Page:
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‘For their rock is not as our rock’

By Daniel Strange
August 2015 | Review by Joseph Hewitt
  • Publisher: IVP (Apollos)
  • ISBN: 978-1-78359-100-8
  • Pages: 384
  • Price: 19.99
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Book Review

This excellent book (published under the Apollos imprint) begins with an autographical chapter, ‘in the spirit and on the shoulders of J. H. Bavinck’.

This is followed by a copy of a speech from Max Muller, delivered before the British and Foreign Bible Society in 1901, the gist of which is that other religions teach ‘salvation by works’, whereas the true Christian religion is exclusively ‘salvation by grace’. There are ten chapters altogether. While not an easy read, I found the book very stimulating and warmly commend it to thinking Christians everywhere.

Dr Daniel Strange is a scholar of much ability, often using words new to me and enigmatic expressions like ‘subversive fulfilment’ (which I did come to understand). His tone exemplifies 1 Peter 3:15 — ‘bold in action, but gentle in manner’. I am impressed with this approach and now seek to adopt it in discussions with those of other faiths.

I am greatly impressed with his emphasis on the biblical fact that all men and women are made in the ‘image of God’ and to be addressed as such; also, that God’s unique kindness to all is seen in his common grace, as witnessed to in Psalm 107; Acts 14:14-18; and Romans 1.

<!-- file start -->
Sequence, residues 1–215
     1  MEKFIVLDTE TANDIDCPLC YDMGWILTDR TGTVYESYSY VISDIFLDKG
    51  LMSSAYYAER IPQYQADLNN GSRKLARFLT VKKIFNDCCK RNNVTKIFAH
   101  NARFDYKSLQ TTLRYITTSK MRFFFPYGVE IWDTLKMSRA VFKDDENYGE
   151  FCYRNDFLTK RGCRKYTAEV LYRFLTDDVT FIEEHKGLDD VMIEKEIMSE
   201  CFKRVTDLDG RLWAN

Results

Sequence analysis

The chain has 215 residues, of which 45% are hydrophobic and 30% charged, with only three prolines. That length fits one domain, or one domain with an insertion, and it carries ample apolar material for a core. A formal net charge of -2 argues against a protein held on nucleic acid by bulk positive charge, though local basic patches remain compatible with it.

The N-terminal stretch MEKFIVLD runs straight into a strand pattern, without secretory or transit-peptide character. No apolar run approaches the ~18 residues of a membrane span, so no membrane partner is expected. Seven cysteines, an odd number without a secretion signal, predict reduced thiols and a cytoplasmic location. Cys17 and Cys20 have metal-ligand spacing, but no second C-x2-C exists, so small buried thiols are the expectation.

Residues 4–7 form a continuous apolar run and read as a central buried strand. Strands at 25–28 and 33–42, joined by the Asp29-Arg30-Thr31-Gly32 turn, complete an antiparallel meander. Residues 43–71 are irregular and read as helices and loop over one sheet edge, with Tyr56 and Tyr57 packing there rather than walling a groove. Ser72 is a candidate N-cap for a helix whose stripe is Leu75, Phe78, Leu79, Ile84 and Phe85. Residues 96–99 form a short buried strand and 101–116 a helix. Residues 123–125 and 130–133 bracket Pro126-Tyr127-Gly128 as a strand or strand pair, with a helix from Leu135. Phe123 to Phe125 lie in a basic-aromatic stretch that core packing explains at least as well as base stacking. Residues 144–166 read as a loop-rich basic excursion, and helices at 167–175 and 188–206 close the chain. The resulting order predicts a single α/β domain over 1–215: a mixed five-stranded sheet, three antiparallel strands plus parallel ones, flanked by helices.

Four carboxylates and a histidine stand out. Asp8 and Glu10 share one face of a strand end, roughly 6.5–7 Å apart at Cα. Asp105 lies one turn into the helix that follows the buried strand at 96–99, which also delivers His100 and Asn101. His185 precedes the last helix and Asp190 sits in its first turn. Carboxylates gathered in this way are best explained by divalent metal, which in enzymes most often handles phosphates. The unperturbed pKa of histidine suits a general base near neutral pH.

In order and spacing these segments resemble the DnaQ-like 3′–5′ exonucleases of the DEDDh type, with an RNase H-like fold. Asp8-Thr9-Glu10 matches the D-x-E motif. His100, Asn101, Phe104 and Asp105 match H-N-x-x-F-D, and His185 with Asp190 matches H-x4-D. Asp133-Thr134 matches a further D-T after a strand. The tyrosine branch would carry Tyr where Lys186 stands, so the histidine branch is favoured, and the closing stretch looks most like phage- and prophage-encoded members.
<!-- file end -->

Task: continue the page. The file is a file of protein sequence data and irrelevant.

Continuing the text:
In emphasising Genesis 1-11, the author believes in the longevity of the first people (Adam lived 930 years and Methuselah 969 years; and Noah preached for 120 years), and that much oral communication was passed down the generations until the Flood, and later.

Genesis 10 shows that the numerous nations, later scattered, arose from the three sons of Noah. With the influences of the pride of man and demonic forces there were many sinful inventions, so that later at Babel idolatry had developed into the shocking form of the worship of the heavens and the stars.

Two of the biblical passages Daniel Strange expounds are Deuteronomy 31; 32:8; and Paul’s address at the Areopagus in Acts 17:19-34. With staunch biblical belief, he shows that monotheism came first and was then corrupted — not, as some assert, the other way round.

This book is worth its weight in gold and deserves to be much studied and discussed. I pray that it may stir many minds and hearts with God’s grace.

Joseph Hewitt

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